13 Ways You're Ruining Your Body After 60, Say Experts
Avoid these health mistakes as you age.
As we age, our health needs change. In other words, what worked when we were younger may have a detrimental impact on our body and mind later in life. What health habits are the most damaging? Newsful surveyed some of the top experts in the country, who revealed some of the worst ways you can ruin your body in your senior years. Read on for 13 ways you're ruining your body after 60.
Darren P. Mareiniss, MD, FACEP, Assistant Professor of Emergency Medicine, Sidney Kimmel Medical College – Thomas Jefferson University, notes that one of the biggest mistakes is ignoring concerning symptoms like unintended weight loss, blood in the stool, chest pain, lower extremity edema or shortness of breath, which can lead to serious maladies going undiagnosed. Don't let these simmer or fear you're a hypochondriac; at your age, get them checked out, he advises.
Dr. Mareiniss points out that you should always pay attention to your sleep. "Symptoms like daytime drowsiness or significant snoring can indicate sleep apnea. Appropriate interventions like CPAP can avoid long-term consequences like right heart failure and pulmonary hypertension," he says. "Poor sleep patterns can lead to increased risk of hypertension, diabetes, and even heart attacks."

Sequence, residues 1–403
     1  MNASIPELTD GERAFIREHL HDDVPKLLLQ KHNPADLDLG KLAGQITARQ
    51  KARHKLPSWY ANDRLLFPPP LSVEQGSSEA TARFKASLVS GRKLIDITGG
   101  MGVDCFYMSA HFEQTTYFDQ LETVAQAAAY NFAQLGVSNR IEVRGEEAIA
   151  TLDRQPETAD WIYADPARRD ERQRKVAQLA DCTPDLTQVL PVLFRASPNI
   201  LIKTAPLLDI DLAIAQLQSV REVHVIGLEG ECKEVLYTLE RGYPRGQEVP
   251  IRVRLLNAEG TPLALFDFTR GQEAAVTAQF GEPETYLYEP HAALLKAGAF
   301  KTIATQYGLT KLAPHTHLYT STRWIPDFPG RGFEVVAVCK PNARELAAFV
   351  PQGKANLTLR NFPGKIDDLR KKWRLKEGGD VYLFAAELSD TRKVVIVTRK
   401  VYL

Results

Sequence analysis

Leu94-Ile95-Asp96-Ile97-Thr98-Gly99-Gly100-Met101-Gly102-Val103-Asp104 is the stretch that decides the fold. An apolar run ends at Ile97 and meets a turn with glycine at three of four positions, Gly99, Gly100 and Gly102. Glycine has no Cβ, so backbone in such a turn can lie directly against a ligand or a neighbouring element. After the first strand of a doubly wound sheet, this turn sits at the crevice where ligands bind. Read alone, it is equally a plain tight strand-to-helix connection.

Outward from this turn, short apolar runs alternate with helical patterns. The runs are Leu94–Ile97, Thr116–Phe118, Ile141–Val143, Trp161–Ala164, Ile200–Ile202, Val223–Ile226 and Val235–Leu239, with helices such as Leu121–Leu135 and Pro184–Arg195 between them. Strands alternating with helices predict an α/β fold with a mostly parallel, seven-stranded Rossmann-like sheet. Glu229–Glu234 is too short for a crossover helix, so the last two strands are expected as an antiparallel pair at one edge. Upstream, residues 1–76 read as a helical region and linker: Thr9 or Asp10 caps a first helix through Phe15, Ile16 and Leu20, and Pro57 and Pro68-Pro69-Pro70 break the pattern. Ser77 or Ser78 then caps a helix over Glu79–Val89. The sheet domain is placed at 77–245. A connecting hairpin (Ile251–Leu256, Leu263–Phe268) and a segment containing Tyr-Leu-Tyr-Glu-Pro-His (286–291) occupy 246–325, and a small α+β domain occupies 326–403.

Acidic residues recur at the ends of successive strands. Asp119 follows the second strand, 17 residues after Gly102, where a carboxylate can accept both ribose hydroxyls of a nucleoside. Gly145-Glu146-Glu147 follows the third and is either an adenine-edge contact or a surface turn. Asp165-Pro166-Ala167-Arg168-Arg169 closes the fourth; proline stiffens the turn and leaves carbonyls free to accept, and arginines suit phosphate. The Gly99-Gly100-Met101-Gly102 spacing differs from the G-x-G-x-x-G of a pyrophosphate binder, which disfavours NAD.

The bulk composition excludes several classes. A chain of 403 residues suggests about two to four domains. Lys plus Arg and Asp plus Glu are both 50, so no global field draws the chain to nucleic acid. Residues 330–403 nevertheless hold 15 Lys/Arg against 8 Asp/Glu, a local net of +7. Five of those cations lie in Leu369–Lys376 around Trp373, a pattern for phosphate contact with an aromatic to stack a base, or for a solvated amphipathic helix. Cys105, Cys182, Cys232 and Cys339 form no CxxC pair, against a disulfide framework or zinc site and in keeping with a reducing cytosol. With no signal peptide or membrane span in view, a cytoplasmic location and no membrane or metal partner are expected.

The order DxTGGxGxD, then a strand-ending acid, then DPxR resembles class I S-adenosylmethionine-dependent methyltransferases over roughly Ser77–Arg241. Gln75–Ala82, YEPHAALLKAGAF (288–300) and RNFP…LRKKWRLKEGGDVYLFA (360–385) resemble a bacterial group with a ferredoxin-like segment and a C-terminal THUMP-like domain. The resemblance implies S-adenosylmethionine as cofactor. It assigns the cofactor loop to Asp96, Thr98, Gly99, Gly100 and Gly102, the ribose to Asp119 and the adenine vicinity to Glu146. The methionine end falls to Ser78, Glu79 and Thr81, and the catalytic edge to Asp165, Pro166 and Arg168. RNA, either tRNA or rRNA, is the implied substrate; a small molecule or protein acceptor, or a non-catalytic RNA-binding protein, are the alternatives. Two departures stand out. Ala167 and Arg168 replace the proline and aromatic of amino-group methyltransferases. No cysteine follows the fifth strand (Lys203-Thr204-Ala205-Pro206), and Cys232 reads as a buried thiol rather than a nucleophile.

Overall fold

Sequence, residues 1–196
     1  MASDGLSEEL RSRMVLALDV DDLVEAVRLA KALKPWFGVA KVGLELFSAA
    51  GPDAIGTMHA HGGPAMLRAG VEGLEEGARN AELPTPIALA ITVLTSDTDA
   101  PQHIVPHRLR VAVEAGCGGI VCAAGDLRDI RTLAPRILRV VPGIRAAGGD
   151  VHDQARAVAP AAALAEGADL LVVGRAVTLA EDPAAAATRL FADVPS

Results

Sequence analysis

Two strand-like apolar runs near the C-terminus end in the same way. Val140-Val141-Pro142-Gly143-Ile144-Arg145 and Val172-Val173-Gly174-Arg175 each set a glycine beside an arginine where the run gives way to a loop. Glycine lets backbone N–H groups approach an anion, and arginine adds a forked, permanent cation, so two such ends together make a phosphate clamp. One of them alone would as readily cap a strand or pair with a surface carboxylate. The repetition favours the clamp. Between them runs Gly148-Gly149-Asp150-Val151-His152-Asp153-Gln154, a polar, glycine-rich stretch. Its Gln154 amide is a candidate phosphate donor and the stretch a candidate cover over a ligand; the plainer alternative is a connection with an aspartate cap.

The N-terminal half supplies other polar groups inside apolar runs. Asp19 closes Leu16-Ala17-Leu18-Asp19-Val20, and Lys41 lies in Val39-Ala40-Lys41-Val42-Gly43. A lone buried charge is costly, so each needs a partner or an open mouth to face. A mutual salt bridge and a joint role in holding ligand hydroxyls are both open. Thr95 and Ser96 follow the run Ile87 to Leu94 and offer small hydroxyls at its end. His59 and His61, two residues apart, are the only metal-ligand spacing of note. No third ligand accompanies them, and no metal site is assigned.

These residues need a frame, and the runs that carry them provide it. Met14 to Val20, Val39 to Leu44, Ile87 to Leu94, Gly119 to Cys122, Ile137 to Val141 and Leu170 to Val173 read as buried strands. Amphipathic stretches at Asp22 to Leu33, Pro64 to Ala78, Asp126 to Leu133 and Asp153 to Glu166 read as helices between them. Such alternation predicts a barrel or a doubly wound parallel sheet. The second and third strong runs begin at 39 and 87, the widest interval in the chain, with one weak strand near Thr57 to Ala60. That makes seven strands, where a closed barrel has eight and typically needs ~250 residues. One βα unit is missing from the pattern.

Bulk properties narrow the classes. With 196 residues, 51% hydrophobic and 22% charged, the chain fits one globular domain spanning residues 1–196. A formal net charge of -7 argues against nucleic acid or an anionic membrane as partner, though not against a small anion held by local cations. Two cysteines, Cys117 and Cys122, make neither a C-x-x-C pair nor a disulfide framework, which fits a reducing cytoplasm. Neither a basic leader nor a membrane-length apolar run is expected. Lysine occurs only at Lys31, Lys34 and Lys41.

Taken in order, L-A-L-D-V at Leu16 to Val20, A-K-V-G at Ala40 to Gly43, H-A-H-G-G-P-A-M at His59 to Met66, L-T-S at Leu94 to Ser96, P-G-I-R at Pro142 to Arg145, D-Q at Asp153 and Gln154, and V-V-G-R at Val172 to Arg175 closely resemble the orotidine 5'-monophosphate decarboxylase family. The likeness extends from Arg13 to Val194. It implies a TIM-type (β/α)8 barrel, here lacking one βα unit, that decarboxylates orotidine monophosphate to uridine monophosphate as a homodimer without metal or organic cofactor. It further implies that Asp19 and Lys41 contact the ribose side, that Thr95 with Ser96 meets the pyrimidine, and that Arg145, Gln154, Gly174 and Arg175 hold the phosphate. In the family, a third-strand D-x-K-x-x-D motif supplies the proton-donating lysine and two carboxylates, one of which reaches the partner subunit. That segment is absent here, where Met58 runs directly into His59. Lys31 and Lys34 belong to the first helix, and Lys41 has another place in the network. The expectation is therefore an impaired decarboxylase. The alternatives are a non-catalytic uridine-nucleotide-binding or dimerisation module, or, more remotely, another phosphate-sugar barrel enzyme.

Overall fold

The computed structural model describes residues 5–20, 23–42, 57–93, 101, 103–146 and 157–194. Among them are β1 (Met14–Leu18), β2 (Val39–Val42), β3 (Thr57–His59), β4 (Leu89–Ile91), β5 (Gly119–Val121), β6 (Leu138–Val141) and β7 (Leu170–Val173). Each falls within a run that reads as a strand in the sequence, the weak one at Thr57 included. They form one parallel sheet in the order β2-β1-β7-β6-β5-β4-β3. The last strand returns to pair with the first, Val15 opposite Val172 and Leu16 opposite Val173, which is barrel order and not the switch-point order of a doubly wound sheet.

Smoking, drinking, and drug use is always bad, but even worse after 60. "Habits like smoking, daily drinking, and drug abuse continue to present issues in older age," explains Dr. Mareiniss. For drinkers, they may become cirrhotic, have alcohol dependence issues, or experience withdrawal if they attempt to stop drinking suddenly. Smokers have the potential to develop COPD, cancer, hypertension, coronary artery disease, stroke, and kidney disease. "Beyond these effects, smoking cigarettes increases the risk of essentially every type of cancer, not just lung cancer. So, smoking cessation is one of the smartest things you can do to improve your health and avoid cancer," he says.
Watching what you eat and exercising is key to healthy aging. "Obesity is also a major issue that can have health consequences in this age group. It contributes to type II diabetes, hypertension, arthritis, and atherosclerosis," Dr. Mareiniss points out. "Exercise, eat healthy, and avoid obesity. Also, isometric exercises can help avoid calcium/bone loss and prevent osteoporosis."